Store hay to maintain quality and reduce waste. As I’m driving, I see lots of rounds bales from last year or the year before which are now melted into the ground with little or no feed value. Plan hay storage relative to how long the hay might need to be stored. The longer hay must/will be stored, the more you can justify investment in storage facilities (sheds, coverings, pads and drainage). Feed hay to reduce waste and know exactly how much cows are consuming. Think about how much hay cows need and how much they are getting. Round bales are more convenient and save labor but do require feeding management otherwise they can add significantly to annual cow costs.
With generally rising input costs, cow-calf producers need to put additional effort into cost management. Managing feed costs will be a key to minimizing cow costs and capitalizing on better cattle market conditions in 2022. It’s not too early to plan the next year of forage management and grazing.
The Importance of Colostrum
Mark Z. Johnson, Oklahoma State University Extension Beef Cattle Breeding Specialist
Being ready and prepared before the start of calving season can make life much easier for cow-calf producers and potentially save a calf. By the time calving season starts, you need everything on hand that might be necessary and all equipment and facilities in working order. Operators need several doses of colostrum or colostrum replacer on inventory before the start of spring-calving season.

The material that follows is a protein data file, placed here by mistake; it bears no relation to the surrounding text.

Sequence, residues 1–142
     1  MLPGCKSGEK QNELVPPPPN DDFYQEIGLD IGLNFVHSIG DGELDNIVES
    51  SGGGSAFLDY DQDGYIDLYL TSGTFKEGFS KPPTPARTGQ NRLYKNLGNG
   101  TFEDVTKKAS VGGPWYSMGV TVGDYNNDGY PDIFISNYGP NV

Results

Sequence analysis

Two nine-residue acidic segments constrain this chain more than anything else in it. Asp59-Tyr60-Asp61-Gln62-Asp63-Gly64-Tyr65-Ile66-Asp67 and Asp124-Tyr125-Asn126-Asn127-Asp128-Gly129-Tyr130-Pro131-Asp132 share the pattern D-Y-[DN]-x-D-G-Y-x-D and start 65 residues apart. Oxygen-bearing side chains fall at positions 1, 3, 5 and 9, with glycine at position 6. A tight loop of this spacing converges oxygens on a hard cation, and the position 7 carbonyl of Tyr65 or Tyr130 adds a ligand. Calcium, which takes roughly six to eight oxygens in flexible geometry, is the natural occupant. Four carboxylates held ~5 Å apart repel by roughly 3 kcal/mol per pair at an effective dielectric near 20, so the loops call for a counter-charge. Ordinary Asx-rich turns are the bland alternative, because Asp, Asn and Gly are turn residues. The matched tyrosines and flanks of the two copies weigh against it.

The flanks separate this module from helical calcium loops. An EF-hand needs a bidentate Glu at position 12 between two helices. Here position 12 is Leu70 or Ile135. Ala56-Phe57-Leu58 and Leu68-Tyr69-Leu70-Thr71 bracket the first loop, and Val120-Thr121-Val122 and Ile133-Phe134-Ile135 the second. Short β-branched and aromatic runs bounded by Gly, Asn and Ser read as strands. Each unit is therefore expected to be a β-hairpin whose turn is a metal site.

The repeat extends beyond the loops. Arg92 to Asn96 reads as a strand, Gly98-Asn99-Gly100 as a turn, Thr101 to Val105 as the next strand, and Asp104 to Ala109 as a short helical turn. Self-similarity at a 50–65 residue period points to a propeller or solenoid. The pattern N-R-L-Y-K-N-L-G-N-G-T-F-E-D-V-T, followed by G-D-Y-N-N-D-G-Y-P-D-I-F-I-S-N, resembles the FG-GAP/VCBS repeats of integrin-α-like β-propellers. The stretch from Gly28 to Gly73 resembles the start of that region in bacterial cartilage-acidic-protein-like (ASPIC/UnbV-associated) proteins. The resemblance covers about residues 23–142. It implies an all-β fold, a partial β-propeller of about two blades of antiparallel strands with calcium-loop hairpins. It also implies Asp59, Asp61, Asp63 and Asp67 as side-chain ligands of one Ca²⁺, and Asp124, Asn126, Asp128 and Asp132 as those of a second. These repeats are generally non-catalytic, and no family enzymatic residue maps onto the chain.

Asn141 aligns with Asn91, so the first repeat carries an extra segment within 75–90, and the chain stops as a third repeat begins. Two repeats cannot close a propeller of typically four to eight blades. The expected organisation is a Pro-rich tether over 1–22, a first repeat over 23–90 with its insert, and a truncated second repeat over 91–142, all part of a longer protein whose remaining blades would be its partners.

Adequate colostrum intake is extremely crucial for newborn calves in order to gain passive immunity. Calves born after a prolonged delivery through the pelvic canal can suffer from severe respiratory acidosis. Such calves are less efficient at absorbing colostral immunoglobulins or antibodies even if artificially fed colostrum. The only disease protection baby calves will receive is from the passive transfer of antibodies from the colostrum they ingest. Colostrum also contains transferrin and lactoferrin, which bind iron and restrict bacterial growth. These factors, together with immunoglobulins, help limit growth of bacteria in the gut.
Colostrum or colostrum replacer will need to be administered by bottle suckling or tube feeding within a few hours of birth for maximal absorption of immunoglobulins. The general rule of thumb is the sooner colostrum is ingested the better and calves will typically stand, walk and nurse within one hour after birth. Bottomline: if there is any question of if a calf has received adequate colostrum, then colostrum should be administered immediately to the newborn. Calves that miss getting timely colostrum ingestion are much more likely to suffer from calf scours, which can have lifelong effects on general hardiness and disease resistance.